Treating Tobacco Use: Guidelines for Pharmacists
Multiple factors contribute to making the cessation of tobacco use difficult. First, there are factors associated with the pharmacologic dependence on nicotine.1 When the use of tobacco is discontinued, nicotine withdrawal symptoms are plentiful. Symptoms including irritability, anger, restlessness, impatience, insomnia, increased appetite, difficulty concentrating, anxiety, and depressed mood all may be present.2 These symptoms may last from a few days to months.1
Second, there are factors associated with social behavior that often are present for an extended period of time in a person's daily rituals. Third, there are factors related to cultural and environmental influences, including advertisements, socioeconomic appeal, and lifestyle.
Most smokers attempting to quit do so on their own, without any assistance from pharmacotherapy and counseling. The knowledge of pharmacotherapy enables pharmacists practicing in all settings to assist patients in treating tobacco use and dependence. Data suggest that offering advice to quit smoking, even just once, helps to increase quit rates.1 Furthermore, studies indicate that 70% of current smokers want to quit smoking completely, and 46% each year make an attempt at quitting.3
Unfortunately, only a minority of tobacco users achieve lifelong abstinence in a first-time attempt, and the majority typically cycle through periods of relapse.4 Approximately 7% of smokers achieve permanent success when attempting to quit on their own and that the use of guideline-recommended treatments may increase this rate to approximately 22%.4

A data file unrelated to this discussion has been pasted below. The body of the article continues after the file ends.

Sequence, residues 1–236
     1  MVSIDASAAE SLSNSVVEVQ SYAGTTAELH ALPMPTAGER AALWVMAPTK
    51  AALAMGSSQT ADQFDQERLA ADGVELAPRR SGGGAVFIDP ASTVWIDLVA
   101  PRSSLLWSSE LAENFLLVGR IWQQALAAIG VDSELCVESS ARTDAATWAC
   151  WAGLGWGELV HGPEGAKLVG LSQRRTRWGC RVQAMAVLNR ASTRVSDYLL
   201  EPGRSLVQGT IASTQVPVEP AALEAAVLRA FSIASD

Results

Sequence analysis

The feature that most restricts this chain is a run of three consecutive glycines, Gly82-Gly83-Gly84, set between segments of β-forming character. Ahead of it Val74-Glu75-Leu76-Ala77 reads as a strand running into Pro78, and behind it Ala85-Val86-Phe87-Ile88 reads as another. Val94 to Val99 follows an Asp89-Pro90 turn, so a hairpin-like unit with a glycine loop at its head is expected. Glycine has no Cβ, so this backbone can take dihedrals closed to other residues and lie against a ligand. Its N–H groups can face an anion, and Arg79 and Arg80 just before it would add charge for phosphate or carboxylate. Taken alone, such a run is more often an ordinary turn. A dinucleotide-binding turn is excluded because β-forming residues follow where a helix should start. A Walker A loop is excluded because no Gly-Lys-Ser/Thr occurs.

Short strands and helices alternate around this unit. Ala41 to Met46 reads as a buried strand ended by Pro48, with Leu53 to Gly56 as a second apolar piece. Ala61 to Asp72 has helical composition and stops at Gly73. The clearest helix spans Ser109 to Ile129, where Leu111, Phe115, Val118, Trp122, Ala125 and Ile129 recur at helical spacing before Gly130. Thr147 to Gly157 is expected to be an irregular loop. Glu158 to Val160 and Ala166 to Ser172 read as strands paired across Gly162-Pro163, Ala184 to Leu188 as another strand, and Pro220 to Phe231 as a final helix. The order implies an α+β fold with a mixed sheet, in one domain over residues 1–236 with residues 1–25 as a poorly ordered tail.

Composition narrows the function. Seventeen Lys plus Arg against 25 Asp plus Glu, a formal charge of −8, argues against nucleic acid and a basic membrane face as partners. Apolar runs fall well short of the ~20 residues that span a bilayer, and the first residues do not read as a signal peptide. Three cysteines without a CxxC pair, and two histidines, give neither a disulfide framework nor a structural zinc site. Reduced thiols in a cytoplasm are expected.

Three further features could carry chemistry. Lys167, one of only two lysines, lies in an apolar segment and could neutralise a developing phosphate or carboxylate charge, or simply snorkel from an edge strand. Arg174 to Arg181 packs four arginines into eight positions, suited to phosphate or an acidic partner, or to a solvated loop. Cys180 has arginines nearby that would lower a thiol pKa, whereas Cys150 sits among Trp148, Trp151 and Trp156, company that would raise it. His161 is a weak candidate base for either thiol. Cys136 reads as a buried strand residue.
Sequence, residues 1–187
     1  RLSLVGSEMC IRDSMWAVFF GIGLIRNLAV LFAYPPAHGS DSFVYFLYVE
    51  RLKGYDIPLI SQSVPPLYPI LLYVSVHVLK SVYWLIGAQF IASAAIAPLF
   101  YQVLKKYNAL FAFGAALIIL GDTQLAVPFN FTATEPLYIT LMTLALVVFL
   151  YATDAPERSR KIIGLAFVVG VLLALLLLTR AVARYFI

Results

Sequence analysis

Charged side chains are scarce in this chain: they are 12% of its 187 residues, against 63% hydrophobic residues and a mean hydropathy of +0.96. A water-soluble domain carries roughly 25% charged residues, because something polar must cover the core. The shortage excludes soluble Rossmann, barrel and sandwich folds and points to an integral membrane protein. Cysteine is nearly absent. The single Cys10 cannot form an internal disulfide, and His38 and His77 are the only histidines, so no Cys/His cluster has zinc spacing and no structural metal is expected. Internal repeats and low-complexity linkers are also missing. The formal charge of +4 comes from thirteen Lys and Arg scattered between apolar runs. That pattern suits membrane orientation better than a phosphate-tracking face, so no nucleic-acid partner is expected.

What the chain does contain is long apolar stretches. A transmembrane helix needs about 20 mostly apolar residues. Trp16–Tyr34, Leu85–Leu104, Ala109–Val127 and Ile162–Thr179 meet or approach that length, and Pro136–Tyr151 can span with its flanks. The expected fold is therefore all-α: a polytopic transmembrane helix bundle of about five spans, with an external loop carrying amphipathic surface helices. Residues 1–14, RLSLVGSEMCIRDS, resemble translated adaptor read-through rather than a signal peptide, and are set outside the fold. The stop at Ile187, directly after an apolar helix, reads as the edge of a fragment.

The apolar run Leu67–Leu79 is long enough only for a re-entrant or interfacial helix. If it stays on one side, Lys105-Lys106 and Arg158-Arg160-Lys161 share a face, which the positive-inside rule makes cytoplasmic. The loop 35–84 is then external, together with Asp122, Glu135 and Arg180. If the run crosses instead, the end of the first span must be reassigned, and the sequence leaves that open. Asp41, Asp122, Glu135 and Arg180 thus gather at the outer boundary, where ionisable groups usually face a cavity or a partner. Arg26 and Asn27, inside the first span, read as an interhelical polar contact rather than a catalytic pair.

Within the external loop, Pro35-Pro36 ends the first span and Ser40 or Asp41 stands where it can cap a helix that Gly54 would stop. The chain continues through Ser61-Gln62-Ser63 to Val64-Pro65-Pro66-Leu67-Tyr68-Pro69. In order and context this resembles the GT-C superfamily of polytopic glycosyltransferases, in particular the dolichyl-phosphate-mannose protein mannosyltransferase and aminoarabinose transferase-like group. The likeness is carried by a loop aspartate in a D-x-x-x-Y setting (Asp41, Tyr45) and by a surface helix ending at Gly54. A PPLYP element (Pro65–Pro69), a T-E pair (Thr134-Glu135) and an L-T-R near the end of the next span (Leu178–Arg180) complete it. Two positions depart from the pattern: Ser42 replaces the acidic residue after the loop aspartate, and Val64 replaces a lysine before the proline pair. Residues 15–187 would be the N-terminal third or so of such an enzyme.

In order to counsel patients appropriately about smoking cessation, it is important for pharmacists to understand the chronic nature of tobacco dependence. Tobacco use is now considered a drug dependence similar to dependence caused by amphetamines, cocaine, and opiates. Therefore, chronic tobacco use requires repeated clinical intervention, aggressive counseling, and constant follow- up, as with other addictive disorders.
Simple and short advice explaining the dangers of tobacco use has been shown to increase smoking-cessation rates.1,4-6 The greater the intensity of tobacco dependence counseling, the greater its effectiveness.4 There are 3 main approaches to nonpharmacologic therapy, based on the patient's willingness to quit or current status as a quitter.4
The first approach is for current smokers willing to make a quit attempt. Table 1 summarizes the 5 important strategies clinicians should adopt with these patients (the "5 As"). These patients should receive both pharmacotherapy and counseling. Counseling should consist of practical counseling (problem solving/ skills training); intratreatment social support, provided as part of a treatment program; and extratreatment social support, received outside of a treatment program?for example, social support from family and friends.4 Follow-up visits are important during the first few days of smoking cessation because a majority of relapses occur during that time.
The second approach is for current smokers not willing to make a quit attempt. These patients should be provided with a motivational intervention that educates, reassures, and motivates them to consider making a quit attempt.4 Table 2 summarizes the 5 components of a motivational intervention (the "5 Rs").